November 29, 2022
NASA has announced a contract for ICON, located in Austin, Texas, to develop construction technologies that could help build infrastructure such as landing pads, habitats, and roads on the surface of the Moon.
In recent years there has been a lot of buzz about harvesting resources on the Moon to supply human habitats, from converting brackish water ice known to exist there to consumable water, oxygen and rocket fuel, to mining mineral resources. How will humans live on the moon to do this kind of work?
“In order to explore other worlds, we need innovative new technologies adapted to those environments and our exploration needs,” said Niki Werkheiser, NASA director of technology maturation. “Pushing this development forward with our commercial partners will create the capabilities we need for future missions.”
The award continues ICON’s work under a Small Business Innovation Research (SBIR) dual-use contract with the U.S. Air Force, partly funded by NASA. The new NASA SBIR Phase III award will support the development of ICON’s Olympus construction system, which is designed to use local resources on the Moon and Mars as building materials.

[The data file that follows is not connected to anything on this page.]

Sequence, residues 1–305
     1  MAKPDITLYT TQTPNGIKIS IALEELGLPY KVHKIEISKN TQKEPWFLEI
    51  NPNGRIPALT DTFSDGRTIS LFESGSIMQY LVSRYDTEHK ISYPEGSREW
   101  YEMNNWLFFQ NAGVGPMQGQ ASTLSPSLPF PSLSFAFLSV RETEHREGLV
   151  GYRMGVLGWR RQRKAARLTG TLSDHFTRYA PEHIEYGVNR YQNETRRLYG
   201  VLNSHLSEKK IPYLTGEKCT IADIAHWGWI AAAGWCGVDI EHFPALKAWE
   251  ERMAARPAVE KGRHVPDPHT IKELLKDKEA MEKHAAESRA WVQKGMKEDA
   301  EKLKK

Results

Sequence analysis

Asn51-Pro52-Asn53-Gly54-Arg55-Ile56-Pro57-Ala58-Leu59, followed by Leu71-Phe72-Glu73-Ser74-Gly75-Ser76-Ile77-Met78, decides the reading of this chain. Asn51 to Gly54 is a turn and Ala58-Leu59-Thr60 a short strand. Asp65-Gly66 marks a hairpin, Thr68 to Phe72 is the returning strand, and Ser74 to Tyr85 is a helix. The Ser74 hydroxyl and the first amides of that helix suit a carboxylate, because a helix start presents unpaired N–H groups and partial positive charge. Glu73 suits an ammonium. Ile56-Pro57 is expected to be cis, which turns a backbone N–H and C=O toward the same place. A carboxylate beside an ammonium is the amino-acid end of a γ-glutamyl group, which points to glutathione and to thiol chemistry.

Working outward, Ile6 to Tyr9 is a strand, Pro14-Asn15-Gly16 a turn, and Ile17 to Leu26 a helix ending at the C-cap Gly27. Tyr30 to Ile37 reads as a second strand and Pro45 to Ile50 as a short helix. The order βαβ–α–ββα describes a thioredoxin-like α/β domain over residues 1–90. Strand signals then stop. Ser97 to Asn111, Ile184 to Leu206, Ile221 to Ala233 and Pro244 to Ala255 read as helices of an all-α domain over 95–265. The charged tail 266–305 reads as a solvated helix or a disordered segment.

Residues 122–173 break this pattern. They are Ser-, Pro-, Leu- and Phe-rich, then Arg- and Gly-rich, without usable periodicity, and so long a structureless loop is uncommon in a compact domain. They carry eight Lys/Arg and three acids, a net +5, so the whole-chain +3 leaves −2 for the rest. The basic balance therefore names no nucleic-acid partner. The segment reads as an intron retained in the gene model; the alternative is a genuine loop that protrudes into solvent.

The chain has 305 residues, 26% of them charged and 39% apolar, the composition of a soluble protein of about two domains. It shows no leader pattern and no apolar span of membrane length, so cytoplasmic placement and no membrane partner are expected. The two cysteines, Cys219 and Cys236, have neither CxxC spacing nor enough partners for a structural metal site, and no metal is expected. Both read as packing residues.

The contract runs through 2028 and has a value of $57.2 million. ICON will work with NASA’s Marshall Space Flight Center in Huntsville, Alabama, under the Moon to Mars Planetary Autonomous Construction Technologies (MMPACT) project.
ICON 3D printed a 1,700-square-foot simulated Martian habitat, called Mars Dune Alpha, that will be used during NASA’s Crew Health and Performance Analog (CHAPEA) analog mission in 2023. ICON also competed in NASA’s 3D Printed Habitat Challenge. The company partnered with the Colorado School of Mines in Golden, and the team won a prize for 3D printing a structure that was tested for its ability to hold a seal, for strength, and for durability in temperature extremes.
For more details on the Space Technology Mission Directorate, visit the NASA website here.